Need to brighten your day? Get ready. This is a stop motion music video from animation duo Katarzyna Kijek and Przemysław Adamski for Japanese singer-songwriter Shugo Tokumaru. Inspired by an everlasting chain of memories, It features a continuous parade of about 2000 silhouettes extracted from PVC plates set to Tokumaru’s quirky track Katachi (which means “shape” in Japanese). Really. I dare you to be sad after watching this.
Art duo JIMMYnADI (composed of Jimmy Marble and Adi Goodrich) teamed up to make a series of motivational PSAs promoting optimism. Watch them and live today without fear.
“JIMMYnADI are a creative duo living, dreaming and hustling in Los Angeles. Today is tough, creative people are working really fucking hard and making wonderful things but as stated, it gets rough. These Motivational Public Service Announcements geared towards creative minded people are to motivate people to keep going, have a clear mind and to constantly do your best. It’s tough out there, but we’ll all be okay if we stick together.” – JIMMYnAdi. (via)
Los Angeles has always held a special place in the hearts and minds of Americans, but for most it exists in an almost fictional capacity. Hollywood isn’t a real place – it’s a postcard, a huge sign on the side of a mountain bracketed with strategically placed palm tree silhouettes. Certainly not a place to call home, but for artist Justin John Greene that’s exactly what it is. Hollywood is a part of his heritage, and the work reflects that. Born and raised in the Los Angeles area, Greene’s work is strongly imbued with the history of the most romanticized industry in American culture. In his most recent solo show at Actual Size (an exhibition space he co-runs in the Chinatown gallery district of east L.A.) the influence of the film industry is in full focus. You Oughta Be In Pictures is a comprehensive installation that utilizes painting, sculpture, and video to create a truly immersive experience for the viewer. Installation may seem like a bit of a leap from Greene’s primarily two dimensional practice, but a closer look into the artist’s process bridges the gap seamlessly. His work is a distinctly enjoyable blend of sly historical references, direct compositional tactics, and cleverly applied humor. If you have the opportunity to see the work in person I strongly encourage you to do so.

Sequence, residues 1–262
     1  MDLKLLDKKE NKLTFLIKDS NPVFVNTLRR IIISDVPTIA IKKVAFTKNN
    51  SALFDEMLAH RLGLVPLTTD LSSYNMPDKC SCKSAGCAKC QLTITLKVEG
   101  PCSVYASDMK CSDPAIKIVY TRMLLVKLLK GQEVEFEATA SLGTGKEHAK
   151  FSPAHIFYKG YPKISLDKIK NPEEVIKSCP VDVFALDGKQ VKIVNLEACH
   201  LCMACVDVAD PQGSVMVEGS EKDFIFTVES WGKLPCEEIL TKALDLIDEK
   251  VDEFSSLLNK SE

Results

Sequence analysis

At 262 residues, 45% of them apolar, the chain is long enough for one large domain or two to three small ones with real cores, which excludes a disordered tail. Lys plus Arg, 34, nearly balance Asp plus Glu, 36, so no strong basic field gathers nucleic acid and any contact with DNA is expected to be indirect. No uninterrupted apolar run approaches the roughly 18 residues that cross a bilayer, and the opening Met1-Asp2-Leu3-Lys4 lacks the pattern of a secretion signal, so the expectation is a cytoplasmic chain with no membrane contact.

FASTWÜRMS is a Canadian artist collective started in 1979 by Kim Kozzi and Dai Skuse, who are associate professors of studio art at the University of Guelph in Ontario. Their artwork seemingly encompass all disciplines – installation, video, manifesto, performance, drawing, etc – and concerns witch positivity, working class aesthetics, queer politics, and public collaborations. Many of the images after the jump are taken from the FASTWÜRMS: DONKEY@NINJA@WITCHcatalogue that accompanied a 2007 retrospective at the Art Gallery of York University.
What if you could stick your hand into a little box and all of a sudden find yourself in a virtual, parallel, world? Well, thanks to designer and maker, Jayne Vidheecharoen, you might be able to quite soon! The project is still undergoing development, but the prototype already shows a lot of promise, and Jayne is currently running a kickstarter campaign to help develop it further. Check it out in action after the jump…
These are some shots from Bernadinism, the most insane, awesome, mind blowing, infuriating flash website I have ever seen. It is the portfolio of artist Alva Bernadine and features photographs, film, writing, and some of the most intense flash action I’ve ever seen.
This is probably the best short film I have ever seen using only a camera phone. Director Thomas Hilland was asked to make the most out of Nokia N8′s smartphone camera. If the quality of the film doesn’t do it for you, I know I especially enjoyed the rotund men running around in costumes, battling each other with remote controlled dragonflies. Music was by the British band, Kap Bambino.